Risk factors for recurrence of surgically treated conventional spinal schwannomas: Analysis of 169 patients from a multicenter international database

Michael G. Fehlings, Anick Nater, Juan J. Zamorano, Lindsay A. Tetreault, Peter P. Varga, Ziya L. Gokaslan, Stefano Boriani, Charles G. Fisher, Laurence Rhines, Chetan Bettegowda, Norio Kawahara, Dean Chou

Research output: Contribution to journalArticlepeer-review

34 Scopus citations


Study Design. A retrospective analysis of 169 adult patients operated for a conventional spinal schwannoma from the AOSpine Multicenter Primary Spinal Tumors Database. Objective. The aim of this study is to identify risk factors for local recurrence of conventional spinal schwannoma in patients who had surgery. Summary of Background Data. Schwannomas account for up to 30% of all adult spinal tumors. Total resection is the gold standard for patients with sensory or motor deficits. Local recurrence is reported to be approximately 5% and usually occurs several years after surgery. Methods.. Rates and time of local recurrence of spinal schwannoma were quantified. Predictive value of various clinical factors was assessed, including age, gender, tumor size, affected spinal segment, and type of surgery. Descriptive statistics and univariate regression analyses were performed. Results. Nine (5.32%) out the 169 patients in this study experienced local recurrence approximately 1.7 years postoperatively. Univariate analyses revealed that recurrence tended to occur more often in younger patients (39.33±14.58 versus 47.01±15.29 years) and in the lumbar segment (55.56%), although this did not reach significance [hazard ratio (HR) 0.96, P=0.127; and P=0.195, respectively]. Recurrence also arose in the cervical and sacral spine (22.22%, respectively) but not in the thoracic area. Tumors were significantly larger in patients with recurrence (6.97±4.66cm versus 3.81±3.34cm), with extent in the cranial caudal direction posing the greatest hazard (HR=1.321, P=0.002). The location of the tumor, whether epidural, intradural, or both (P=0.246), was not significantly related to recurrence. Regarding surgical technique, over 4 times as many patients who underwent intralesional resection experienced a recurrence proportionally to patients who underwent en bloc resection (HR=4.178, P=0.033). Conclusion. The pre-operative size of the conventional spinal schwannoma and intralesional resection are the main risk factors for local postoperative recurrence.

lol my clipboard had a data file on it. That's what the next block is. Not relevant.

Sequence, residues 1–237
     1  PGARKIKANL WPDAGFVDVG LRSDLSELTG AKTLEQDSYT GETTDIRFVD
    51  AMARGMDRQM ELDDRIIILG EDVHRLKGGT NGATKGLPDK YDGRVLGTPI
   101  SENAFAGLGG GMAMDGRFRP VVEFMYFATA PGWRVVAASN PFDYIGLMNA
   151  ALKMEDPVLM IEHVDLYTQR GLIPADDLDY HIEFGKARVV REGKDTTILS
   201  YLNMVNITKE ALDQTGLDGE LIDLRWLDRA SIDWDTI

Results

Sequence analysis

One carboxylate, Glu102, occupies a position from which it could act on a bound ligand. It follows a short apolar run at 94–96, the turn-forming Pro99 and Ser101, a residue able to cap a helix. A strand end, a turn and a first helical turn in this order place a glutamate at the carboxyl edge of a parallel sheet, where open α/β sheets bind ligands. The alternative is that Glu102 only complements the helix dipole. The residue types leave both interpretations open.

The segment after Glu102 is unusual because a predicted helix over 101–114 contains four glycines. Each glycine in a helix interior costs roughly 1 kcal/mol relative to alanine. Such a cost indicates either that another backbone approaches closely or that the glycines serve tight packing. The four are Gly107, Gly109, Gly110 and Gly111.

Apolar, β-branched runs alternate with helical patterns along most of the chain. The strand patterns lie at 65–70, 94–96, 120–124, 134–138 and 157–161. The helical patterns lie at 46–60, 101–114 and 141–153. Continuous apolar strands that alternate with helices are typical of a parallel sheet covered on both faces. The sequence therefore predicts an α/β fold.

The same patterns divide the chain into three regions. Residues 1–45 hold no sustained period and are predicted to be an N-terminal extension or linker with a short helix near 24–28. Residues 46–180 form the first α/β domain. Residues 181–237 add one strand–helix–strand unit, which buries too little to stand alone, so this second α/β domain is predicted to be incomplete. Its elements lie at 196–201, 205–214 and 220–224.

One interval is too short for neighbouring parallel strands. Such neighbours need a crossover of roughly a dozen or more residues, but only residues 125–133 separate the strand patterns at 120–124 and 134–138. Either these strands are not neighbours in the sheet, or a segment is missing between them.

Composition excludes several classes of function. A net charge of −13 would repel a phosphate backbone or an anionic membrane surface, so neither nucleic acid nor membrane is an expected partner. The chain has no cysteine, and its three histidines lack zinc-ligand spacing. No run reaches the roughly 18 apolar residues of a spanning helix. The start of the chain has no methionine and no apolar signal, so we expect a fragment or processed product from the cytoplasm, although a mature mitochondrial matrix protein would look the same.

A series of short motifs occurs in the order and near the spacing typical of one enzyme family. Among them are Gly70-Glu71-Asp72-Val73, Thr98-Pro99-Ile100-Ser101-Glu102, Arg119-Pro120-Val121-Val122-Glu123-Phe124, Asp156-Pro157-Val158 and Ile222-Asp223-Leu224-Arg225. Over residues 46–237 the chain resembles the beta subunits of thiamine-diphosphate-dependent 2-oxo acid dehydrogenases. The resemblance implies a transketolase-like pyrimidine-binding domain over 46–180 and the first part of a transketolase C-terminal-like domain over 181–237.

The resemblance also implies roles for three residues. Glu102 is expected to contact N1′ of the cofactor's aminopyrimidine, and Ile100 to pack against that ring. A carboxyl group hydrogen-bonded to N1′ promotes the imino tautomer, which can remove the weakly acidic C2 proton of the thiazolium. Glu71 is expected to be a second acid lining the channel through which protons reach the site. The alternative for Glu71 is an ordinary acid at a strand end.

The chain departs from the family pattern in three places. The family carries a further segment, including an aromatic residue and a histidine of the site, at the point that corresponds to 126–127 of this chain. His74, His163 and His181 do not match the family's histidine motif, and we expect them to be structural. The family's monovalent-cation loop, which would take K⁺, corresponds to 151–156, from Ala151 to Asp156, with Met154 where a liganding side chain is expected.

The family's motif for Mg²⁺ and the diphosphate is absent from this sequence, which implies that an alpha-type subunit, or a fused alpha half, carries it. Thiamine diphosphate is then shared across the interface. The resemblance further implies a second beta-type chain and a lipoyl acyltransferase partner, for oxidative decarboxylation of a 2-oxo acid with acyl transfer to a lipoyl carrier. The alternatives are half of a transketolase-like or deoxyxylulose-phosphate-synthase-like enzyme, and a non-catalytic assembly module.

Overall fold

Original languageEnglish (US)
Pages (from-to)390-398
Number of pages9
Issue number5
StatePublished - Mar 1 2016


  • conventional spinal schwannoma
  • recurrence
  • risk factors
  • surgery

ASJC Scopus subject areas

  • Orthopedics and Sports Medicine
  • Clinical Neurology


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